But, then if you've attended a "meet the media" panel at a WMPRSA event, you probably have heard a local editor complain about not getting PR information early enough to be out there at the same time as their competition. In some cases, this implies a day-early heads up so said news organization can print before broadcasters air the story.
Why, I want to ask, should the competitive interests of the local media be any part of our PR considerations? I mean, if it's about news and your news cycle takes day versus 10 minutes to get word out, so be it. Should arsonists give a heads up so crime reporters get good fire photos?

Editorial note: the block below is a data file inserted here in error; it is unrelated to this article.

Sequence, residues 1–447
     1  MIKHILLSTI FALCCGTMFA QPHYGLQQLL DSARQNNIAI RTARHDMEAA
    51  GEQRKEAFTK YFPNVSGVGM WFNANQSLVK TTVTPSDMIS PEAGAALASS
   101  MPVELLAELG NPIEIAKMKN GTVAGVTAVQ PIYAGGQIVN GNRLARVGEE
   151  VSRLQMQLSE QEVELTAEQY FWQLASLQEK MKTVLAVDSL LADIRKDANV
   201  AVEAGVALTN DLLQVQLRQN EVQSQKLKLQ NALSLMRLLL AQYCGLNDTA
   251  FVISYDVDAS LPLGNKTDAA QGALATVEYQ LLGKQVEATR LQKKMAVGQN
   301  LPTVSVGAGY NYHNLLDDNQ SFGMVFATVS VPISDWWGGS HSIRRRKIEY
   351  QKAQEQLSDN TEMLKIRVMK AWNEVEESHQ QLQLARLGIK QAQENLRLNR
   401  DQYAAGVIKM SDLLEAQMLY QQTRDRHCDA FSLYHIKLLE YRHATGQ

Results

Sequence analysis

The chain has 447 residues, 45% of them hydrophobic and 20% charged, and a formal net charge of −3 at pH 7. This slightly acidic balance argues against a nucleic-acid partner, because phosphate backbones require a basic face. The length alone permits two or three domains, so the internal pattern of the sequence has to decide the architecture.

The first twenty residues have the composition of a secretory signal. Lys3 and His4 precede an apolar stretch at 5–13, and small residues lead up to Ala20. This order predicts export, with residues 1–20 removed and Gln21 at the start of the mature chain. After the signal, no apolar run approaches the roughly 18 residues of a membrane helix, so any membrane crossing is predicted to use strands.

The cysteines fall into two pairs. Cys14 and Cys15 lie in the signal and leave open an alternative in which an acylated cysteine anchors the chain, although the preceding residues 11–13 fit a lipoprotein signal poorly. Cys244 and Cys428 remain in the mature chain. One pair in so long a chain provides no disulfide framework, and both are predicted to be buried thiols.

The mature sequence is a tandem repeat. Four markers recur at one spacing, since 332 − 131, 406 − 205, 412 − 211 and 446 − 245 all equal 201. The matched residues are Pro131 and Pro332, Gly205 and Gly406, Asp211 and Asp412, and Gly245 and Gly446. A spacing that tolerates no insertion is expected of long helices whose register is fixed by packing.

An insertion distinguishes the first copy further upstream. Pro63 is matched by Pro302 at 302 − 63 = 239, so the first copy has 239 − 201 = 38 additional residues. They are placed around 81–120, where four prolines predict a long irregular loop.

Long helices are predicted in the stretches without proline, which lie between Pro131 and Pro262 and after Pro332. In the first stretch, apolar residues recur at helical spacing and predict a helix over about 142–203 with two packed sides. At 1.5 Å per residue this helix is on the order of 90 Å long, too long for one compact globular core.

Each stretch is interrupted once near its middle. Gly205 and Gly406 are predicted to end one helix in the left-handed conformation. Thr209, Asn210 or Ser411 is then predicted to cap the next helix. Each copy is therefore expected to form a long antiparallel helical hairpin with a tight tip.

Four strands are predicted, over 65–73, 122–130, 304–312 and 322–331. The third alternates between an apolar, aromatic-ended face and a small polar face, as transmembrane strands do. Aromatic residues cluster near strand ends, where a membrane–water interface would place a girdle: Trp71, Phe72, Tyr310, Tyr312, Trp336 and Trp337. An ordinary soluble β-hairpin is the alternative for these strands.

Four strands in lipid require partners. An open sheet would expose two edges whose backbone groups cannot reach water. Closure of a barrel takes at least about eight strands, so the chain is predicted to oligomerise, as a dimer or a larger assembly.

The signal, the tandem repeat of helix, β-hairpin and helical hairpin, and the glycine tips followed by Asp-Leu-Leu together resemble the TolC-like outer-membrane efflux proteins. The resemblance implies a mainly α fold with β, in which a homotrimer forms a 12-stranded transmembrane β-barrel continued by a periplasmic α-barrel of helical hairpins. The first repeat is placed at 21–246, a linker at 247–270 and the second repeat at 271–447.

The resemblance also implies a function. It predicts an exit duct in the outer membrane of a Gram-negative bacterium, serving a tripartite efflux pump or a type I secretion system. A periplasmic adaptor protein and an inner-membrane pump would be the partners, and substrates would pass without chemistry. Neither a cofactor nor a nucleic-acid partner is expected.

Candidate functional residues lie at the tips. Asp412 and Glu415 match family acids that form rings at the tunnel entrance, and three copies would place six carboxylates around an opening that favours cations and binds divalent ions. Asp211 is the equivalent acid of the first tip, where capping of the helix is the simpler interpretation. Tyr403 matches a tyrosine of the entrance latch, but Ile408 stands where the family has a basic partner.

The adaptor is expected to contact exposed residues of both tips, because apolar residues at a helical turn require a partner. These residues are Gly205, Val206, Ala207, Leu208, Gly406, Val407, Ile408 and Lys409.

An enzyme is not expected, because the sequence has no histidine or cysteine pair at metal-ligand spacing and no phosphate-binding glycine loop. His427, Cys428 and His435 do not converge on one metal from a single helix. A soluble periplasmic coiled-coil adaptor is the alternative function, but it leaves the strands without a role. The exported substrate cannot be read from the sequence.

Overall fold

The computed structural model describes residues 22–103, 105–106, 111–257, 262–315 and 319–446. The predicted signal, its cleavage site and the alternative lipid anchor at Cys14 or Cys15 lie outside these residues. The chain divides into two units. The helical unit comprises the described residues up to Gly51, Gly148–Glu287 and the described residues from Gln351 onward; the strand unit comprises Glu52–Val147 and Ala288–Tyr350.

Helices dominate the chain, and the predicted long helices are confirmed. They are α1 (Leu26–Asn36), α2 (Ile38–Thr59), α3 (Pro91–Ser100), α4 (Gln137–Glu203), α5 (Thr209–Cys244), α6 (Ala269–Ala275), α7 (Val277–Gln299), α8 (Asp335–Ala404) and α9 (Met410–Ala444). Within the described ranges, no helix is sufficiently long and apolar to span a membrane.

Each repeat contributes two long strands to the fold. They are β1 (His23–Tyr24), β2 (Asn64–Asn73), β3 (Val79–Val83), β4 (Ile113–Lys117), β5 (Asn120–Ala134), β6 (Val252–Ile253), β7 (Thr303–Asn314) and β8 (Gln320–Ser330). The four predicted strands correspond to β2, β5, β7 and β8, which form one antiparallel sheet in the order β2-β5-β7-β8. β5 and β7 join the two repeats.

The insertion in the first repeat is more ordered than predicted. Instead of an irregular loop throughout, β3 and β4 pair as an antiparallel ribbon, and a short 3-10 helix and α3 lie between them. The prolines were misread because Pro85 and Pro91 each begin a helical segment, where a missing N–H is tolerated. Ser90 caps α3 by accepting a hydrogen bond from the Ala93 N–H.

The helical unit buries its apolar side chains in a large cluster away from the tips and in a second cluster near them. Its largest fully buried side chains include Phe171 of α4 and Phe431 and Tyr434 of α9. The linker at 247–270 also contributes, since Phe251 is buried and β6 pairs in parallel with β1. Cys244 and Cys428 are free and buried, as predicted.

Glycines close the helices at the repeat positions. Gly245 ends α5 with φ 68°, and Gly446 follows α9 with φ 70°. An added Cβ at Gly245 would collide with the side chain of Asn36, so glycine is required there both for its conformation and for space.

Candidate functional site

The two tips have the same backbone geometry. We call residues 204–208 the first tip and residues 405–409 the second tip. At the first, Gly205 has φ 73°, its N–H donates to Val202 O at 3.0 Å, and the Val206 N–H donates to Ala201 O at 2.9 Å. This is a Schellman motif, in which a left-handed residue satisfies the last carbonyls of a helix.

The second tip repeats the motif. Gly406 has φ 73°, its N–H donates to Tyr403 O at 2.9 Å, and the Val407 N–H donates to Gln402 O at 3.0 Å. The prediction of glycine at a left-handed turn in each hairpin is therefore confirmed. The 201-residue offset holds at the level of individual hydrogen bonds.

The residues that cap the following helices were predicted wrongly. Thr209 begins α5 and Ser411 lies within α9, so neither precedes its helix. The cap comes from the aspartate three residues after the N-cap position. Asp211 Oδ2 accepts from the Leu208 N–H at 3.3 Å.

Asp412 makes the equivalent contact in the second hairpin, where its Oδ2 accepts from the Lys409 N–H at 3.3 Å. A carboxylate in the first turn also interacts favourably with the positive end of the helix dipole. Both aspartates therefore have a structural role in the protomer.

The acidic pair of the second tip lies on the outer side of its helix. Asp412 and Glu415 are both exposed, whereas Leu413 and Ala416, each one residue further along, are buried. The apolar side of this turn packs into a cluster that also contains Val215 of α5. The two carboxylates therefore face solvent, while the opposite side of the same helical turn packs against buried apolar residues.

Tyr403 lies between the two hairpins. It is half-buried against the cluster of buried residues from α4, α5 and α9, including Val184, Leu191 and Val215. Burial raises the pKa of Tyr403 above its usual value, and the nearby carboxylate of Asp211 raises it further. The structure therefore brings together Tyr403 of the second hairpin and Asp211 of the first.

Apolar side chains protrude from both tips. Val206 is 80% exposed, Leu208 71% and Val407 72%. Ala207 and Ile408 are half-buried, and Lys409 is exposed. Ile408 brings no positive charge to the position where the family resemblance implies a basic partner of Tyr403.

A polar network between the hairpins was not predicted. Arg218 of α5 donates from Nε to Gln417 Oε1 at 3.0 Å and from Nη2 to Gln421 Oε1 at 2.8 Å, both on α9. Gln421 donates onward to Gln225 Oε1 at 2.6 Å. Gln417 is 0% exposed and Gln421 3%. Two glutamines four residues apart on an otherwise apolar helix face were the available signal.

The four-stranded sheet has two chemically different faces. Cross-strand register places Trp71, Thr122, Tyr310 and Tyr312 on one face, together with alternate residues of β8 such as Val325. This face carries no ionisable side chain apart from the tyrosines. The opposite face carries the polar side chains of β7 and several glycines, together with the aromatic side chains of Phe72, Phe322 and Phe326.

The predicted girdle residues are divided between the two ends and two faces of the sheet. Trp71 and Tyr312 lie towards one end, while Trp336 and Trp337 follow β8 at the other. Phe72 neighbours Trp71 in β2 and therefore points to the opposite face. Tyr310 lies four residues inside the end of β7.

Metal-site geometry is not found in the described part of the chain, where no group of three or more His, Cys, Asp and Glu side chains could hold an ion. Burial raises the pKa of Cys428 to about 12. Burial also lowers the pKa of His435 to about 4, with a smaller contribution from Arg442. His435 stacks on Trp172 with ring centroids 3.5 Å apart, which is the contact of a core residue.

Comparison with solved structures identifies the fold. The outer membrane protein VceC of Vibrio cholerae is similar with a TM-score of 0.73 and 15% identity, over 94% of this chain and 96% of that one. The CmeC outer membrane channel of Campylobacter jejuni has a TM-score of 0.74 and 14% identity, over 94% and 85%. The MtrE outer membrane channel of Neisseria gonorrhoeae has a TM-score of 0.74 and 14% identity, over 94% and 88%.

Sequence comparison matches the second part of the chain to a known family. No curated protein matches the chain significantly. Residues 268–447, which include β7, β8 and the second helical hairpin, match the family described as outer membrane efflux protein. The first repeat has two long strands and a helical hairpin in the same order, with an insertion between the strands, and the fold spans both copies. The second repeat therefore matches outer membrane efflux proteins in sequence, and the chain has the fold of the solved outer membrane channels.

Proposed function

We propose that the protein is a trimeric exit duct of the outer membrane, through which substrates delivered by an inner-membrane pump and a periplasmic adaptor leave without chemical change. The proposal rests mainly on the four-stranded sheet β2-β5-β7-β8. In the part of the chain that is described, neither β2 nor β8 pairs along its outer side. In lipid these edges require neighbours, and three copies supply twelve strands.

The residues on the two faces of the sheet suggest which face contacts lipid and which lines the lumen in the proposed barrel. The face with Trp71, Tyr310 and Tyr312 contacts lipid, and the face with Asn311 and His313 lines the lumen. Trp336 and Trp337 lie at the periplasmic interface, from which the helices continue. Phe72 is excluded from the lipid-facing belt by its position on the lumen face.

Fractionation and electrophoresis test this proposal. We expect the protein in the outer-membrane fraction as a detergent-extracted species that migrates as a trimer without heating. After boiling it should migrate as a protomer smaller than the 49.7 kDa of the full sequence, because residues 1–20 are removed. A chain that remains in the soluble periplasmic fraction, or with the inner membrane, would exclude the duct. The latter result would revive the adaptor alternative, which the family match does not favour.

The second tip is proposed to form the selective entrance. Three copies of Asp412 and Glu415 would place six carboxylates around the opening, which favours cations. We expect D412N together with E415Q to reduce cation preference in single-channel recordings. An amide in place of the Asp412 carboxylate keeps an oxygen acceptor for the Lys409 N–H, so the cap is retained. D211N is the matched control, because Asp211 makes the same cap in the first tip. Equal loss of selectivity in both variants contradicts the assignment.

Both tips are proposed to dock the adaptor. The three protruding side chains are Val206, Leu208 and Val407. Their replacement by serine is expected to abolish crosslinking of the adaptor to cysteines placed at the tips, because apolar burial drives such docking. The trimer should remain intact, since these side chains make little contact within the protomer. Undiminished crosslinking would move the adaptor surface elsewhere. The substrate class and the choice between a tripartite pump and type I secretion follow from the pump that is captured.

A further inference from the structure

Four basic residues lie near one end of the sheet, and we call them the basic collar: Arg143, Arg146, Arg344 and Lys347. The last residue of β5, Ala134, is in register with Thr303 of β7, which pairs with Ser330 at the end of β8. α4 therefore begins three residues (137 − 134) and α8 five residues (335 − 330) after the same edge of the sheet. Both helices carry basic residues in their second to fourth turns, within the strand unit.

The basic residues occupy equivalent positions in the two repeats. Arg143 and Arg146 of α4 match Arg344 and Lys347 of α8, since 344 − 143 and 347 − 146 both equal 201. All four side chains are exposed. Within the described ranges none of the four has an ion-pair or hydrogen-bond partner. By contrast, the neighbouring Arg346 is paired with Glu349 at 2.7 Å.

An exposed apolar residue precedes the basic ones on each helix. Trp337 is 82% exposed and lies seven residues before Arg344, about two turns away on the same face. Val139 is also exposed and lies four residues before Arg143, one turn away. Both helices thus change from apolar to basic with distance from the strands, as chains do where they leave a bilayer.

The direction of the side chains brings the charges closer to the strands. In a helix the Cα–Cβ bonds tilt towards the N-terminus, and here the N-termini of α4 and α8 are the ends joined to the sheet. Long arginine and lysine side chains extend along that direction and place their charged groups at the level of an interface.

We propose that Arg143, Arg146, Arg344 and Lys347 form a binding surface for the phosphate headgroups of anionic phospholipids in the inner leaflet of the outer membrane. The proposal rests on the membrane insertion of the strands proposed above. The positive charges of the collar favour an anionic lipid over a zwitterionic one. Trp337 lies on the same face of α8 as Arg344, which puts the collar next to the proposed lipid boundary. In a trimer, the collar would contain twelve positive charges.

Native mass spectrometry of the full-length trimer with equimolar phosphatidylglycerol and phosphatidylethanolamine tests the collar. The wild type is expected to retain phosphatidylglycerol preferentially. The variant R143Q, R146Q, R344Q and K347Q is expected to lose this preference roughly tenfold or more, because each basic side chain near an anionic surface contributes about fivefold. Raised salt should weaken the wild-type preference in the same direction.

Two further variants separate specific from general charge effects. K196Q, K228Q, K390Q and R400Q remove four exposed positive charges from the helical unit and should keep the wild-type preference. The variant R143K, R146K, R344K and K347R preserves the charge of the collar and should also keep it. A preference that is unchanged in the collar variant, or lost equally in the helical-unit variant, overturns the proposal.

Well, for one, you have to maintain those media relationships. Editors have long memories, news can be subjective, and you may not get coverage or good treatment if you damage those relationships.
But, local dailies have it wrong if they think the timing of stories is a competitive issue. Newspapers can and should deliver depth. Studies have shown that most news consumers are alerted to the basics of a story by broadcast news and go to the papers for depth.
Beyond that, newspapers need to understand competition circa 2008:
Maybe they ought to think about the realities of competition instead of complain. They could adapt to new media, do additional reporting, engage the public in dialogue, adopt a different treatment, or something to add value to their own content. There is room for good journalism and good business to coexist. We in PR should hope the best for them. But increasingly, we have multiple avenues to reach our publics, and they have more ways of reaching us as well. Every once in a while, that might involve a newspaper.